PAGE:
Brain Sciences


Audible and UCL: how behavioural science tells the whole story

Understanding your audience is paramount to every business. UCL Brain Sciences uses behavioural science and highly skilled data analytics to uncover fresh customer insights.

Man listening to audiobook

7 January 2021

Audible, the world’s largest producer of digital books, wanted to understand what happens in people’s brains when they listen to audiobooks. They approached UCL Consultants, part of Innovation & Enterprise, to find out.

UCL Consultants put them in touch with Professor Joe Devlin (Vice-Dean Enterprise for Brain Sciences). Professor Devlin and his team broke new ground by exploring how people physically respond to stories when watching them and when listening to them. Experiments were conducted with around 100 volunteers from a broad demographic.

These experiments measured physiological responses when either listening to or watching dramatic scenes from eight blockbuster stories. The participants said they felt more engaged with the story when watching the scene. However, the physiological data gave the opposite result. When listening, heart rate and body temperature increased. There was also a stronger galvanic skin response (a measure of emotional arousal). These were clear signs that the imagination was more active, and the participants more emotionally involved.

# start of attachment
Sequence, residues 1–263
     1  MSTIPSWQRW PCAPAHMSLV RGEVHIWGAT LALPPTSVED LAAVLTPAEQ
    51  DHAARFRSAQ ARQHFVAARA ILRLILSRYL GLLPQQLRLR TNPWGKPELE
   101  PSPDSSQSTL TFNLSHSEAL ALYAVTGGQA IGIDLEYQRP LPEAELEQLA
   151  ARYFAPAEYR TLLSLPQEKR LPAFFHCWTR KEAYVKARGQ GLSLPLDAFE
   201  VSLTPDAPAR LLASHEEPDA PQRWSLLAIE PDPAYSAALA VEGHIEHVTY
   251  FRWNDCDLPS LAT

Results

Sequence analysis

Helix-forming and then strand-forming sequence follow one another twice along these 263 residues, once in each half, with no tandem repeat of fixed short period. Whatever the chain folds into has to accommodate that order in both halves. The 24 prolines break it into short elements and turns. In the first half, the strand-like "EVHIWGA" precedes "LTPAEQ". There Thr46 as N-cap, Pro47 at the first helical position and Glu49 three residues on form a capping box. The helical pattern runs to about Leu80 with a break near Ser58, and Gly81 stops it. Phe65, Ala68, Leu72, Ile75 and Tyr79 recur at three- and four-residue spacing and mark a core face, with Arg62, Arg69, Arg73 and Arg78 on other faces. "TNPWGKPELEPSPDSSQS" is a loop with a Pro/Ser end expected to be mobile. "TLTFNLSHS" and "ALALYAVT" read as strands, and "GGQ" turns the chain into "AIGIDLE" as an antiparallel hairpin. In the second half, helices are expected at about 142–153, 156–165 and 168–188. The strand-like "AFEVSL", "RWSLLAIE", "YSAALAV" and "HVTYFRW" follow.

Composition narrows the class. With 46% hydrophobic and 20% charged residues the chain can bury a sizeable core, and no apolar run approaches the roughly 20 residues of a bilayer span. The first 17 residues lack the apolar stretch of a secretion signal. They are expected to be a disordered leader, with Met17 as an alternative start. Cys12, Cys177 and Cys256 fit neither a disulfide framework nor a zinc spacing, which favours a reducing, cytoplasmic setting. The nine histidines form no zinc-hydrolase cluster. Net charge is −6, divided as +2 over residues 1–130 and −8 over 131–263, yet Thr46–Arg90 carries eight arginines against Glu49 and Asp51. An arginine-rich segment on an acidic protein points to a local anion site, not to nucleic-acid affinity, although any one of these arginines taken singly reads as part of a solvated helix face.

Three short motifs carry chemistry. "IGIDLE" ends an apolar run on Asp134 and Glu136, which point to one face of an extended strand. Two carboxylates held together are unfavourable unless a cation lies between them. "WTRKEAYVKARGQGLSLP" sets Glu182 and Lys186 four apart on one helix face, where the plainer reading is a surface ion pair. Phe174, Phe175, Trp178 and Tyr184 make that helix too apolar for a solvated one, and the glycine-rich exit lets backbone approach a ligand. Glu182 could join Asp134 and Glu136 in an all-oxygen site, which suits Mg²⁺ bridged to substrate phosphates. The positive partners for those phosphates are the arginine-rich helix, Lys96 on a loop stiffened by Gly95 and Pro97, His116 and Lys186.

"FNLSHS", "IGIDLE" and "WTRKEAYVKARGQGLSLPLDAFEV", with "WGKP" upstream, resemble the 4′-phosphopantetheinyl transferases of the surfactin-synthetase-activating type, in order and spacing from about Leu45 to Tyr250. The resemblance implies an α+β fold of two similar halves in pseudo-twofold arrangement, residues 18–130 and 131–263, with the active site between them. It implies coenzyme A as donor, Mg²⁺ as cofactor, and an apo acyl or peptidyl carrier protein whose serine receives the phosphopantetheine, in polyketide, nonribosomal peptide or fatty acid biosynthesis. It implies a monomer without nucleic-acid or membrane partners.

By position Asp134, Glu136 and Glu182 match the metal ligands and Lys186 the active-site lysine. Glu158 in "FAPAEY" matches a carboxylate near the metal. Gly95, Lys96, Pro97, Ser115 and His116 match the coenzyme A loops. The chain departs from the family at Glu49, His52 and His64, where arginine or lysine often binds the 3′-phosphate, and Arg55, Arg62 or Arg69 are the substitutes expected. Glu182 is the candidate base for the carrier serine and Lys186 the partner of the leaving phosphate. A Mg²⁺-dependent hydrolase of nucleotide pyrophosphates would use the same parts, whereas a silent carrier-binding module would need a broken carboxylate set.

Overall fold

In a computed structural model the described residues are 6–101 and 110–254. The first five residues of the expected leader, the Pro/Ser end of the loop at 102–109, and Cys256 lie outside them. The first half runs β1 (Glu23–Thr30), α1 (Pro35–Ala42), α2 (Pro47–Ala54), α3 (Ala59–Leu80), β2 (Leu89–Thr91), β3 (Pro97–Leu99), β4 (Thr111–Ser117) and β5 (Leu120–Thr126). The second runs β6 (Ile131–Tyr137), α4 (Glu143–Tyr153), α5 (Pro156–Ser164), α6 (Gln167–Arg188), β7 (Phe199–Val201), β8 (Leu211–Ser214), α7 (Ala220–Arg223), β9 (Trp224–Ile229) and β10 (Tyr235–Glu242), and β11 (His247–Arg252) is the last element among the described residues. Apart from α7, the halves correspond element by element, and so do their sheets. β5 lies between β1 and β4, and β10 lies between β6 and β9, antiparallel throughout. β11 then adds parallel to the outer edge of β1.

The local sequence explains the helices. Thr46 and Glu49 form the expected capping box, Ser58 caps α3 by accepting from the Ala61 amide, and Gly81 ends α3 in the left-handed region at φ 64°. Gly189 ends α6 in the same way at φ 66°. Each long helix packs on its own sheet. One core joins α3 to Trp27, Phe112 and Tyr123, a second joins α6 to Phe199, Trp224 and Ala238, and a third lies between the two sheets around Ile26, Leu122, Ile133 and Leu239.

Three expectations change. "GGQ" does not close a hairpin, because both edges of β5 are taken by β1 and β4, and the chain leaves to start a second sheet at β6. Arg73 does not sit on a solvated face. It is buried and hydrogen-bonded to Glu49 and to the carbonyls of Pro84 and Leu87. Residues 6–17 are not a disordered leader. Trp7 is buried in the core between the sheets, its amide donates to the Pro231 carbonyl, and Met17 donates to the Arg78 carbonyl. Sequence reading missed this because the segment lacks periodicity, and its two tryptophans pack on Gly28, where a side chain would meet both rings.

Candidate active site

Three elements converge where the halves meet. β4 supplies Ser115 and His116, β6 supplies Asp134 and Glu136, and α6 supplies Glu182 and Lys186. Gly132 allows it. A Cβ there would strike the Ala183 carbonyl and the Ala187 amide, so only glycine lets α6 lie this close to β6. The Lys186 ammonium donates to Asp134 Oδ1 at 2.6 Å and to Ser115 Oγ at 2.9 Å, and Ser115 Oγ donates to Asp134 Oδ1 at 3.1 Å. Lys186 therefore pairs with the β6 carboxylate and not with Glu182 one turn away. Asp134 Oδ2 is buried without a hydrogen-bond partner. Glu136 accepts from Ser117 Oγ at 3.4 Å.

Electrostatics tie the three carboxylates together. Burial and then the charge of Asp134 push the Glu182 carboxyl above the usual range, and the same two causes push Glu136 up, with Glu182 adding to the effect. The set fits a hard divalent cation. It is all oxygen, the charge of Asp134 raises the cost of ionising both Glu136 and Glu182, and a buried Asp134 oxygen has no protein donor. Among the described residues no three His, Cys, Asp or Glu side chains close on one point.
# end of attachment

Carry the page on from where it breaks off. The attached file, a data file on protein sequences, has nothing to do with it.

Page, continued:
With this pioneering research, Audible gained a valuable psychological understanding of their listeners. They also achieved extensive coverage in the national press. The project paved the way for future collaborations between Audible and UCL Brain Sciences.

Read more about the Audible case study